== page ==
A quick comment on the number of visits per night, per pointing:
The scheduler, in general, is programmed to get pairs of visits in each night, for each pointing. These visits are paired in various filters: u-g, u-r, g-r, r-i, i-z, z-y or y-y. Pairs are scheduled for approximately 22 minutes separation, and the achievement of a second visit after a pair is usually successful (most visits occur in pairs).
But, this doesn’t mean that each point on the sky only receives 2 visits per night. Occasionally the scheduler will re-visit a pointing. In the baseline this occurs about 9% of the time over the entire survey. More often (about 36%), however we end up with more than 2 visits per night due to field overlaps. In both of these cases, the repeat visits tend to also be in pairs, so we get bumps at ‘2’ ‘4’ and ‘6’ numbers of visits per night. With the combination of these effects, we find that about 45-50% of the time that a field receives a pair of visits, it will receive more than just 2 visits.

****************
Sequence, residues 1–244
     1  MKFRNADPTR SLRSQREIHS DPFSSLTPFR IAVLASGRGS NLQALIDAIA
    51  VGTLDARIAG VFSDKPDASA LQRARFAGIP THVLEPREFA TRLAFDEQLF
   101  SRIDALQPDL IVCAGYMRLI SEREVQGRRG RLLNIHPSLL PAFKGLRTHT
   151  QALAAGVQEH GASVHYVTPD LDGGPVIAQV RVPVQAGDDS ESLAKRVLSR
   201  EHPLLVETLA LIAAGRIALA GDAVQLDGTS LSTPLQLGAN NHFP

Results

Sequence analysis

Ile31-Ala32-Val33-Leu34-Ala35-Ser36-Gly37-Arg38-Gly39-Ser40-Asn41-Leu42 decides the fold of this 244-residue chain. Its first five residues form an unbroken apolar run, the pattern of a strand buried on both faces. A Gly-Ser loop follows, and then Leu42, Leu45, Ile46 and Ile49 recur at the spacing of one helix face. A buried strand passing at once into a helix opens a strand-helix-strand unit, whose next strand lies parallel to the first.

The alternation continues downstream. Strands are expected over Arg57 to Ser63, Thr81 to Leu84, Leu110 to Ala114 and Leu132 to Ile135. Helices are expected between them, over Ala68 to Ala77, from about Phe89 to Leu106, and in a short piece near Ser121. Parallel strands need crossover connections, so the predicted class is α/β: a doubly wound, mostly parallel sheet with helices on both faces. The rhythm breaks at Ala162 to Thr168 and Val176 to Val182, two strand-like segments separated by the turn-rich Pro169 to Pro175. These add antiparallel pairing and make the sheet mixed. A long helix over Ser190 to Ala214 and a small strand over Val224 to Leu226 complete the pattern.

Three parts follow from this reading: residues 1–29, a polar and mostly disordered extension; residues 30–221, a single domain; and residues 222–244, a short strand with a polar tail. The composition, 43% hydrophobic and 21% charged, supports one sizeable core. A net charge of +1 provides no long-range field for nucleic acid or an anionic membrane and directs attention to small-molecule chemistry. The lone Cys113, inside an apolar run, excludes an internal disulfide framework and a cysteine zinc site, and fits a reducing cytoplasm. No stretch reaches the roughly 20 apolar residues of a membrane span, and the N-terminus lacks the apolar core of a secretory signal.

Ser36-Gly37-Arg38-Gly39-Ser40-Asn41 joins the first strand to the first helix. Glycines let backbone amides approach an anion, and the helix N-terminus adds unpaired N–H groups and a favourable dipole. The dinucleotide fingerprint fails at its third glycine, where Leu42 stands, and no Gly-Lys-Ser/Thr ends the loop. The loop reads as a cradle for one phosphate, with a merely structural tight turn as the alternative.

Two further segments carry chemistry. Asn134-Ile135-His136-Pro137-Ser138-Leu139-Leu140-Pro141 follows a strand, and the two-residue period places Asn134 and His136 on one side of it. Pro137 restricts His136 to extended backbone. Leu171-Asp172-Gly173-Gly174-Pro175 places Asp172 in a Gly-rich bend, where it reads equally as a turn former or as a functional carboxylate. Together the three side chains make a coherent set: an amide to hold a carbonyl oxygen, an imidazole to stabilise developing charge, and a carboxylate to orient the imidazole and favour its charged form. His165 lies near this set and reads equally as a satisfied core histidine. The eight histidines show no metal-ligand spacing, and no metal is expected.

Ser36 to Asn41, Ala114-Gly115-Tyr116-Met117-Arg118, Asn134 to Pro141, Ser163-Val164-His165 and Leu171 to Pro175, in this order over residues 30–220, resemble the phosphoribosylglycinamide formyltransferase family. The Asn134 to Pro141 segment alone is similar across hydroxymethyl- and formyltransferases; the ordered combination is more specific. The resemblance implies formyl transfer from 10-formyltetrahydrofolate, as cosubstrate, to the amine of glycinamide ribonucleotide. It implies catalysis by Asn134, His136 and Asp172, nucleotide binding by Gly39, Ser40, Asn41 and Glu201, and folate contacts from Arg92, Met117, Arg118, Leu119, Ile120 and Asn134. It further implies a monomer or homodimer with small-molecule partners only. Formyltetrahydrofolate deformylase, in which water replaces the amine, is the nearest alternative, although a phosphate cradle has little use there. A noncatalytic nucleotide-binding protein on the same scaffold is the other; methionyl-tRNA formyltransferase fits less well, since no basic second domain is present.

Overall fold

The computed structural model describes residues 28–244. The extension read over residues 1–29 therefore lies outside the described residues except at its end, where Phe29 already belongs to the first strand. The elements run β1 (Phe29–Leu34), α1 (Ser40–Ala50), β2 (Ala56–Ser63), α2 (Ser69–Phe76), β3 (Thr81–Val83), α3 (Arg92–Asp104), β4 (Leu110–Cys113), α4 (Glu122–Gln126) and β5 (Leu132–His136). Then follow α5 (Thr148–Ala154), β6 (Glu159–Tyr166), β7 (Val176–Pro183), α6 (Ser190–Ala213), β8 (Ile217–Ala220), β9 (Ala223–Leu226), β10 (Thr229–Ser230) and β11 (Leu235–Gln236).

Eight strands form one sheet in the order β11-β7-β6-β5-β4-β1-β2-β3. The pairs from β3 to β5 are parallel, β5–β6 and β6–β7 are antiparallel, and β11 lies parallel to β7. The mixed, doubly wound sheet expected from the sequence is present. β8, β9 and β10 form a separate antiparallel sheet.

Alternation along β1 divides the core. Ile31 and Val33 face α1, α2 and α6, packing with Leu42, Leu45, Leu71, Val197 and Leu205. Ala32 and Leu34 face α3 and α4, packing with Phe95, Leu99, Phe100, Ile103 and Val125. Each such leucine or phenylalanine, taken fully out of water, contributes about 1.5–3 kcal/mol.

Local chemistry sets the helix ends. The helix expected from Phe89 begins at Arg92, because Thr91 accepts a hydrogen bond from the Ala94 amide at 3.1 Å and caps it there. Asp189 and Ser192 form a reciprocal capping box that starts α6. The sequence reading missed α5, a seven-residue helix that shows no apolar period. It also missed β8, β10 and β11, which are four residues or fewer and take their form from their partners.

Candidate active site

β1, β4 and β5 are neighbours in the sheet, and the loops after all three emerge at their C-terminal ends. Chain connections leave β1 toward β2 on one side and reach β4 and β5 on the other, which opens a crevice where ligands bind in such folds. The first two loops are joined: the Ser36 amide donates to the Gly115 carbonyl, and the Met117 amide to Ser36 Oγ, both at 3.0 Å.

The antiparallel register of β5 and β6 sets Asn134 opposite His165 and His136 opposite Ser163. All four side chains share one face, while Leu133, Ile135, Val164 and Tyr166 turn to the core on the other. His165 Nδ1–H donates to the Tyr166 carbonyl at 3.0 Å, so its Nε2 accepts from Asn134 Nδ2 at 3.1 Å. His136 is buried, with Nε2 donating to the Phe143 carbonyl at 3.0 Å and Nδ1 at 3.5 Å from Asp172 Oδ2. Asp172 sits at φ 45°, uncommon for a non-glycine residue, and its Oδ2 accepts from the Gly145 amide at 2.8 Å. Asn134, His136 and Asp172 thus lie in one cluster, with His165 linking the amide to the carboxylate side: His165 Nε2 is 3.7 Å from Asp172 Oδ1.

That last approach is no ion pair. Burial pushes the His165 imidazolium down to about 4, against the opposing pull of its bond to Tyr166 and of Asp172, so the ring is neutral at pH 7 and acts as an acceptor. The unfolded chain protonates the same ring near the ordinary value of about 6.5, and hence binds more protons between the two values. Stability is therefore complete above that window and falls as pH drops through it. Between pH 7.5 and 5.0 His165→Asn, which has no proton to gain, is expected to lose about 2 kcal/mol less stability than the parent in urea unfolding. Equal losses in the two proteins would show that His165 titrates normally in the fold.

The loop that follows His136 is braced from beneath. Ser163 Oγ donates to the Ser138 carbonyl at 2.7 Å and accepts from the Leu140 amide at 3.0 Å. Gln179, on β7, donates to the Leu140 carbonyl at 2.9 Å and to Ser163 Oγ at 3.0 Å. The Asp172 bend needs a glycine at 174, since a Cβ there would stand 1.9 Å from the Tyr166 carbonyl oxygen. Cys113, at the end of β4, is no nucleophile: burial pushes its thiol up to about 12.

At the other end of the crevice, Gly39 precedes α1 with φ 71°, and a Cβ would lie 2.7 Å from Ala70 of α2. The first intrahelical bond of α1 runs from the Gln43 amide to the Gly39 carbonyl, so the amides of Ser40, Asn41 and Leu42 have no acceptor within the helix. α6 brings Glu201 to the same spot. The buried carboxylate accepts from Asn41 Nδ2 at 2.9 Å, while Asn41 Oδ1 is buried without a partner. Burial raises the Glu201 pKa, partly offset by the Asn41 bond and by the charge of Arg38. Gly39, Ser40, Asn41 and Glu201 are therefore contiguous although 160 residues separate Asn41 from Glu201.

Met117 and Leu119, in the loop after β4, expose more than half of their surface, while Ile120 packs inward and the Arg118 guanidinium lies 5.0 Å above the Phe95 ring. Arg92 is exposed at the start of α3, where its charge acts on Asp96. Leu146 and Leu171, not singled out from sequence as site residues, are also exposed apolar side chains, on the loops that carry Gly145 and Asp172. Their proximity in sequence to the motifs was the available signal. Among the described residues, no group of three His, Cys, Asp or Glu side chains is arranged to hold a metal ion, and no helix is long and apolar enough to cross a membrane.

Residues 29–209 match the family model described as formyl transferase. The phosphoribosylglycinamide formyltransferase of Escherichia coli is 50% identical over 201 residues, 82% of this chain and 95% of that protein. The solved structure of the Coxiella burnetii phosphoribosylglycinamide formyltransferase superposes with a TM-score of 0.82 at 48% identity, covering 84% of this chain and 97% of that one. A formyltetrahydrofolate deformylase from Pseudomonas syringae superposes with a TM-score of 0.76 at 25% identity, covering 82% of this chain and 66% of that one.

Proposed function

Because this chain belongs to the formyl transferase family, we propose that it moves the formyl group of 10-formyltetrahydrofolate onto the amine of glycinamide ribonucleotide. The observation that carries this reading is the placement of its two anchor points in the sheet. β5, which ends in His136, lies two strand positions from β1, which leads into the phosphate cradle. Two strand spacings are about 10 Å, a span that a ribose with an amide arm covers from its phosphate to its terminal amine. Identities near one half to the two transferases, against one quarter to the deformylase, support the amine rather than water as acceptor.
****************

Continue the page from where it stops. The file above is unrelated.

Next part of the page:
(there are ranges on some of the numbers above because it depends exactly what you’re counting and what visits you’re including … if you only look at visits that are part of the pairs scheduled in blobs during most of the night, then 45% is more appropriate, but adding in twilight ‘greedy’ visits pushes the amount of sky that gets >2 visits up to 50%).
(plot shows the ratio: number of nights with >2 visits / number of nights with 2 visits at each point in the footprint for the baseline run,
The basis for this estimate is explored in this notebook.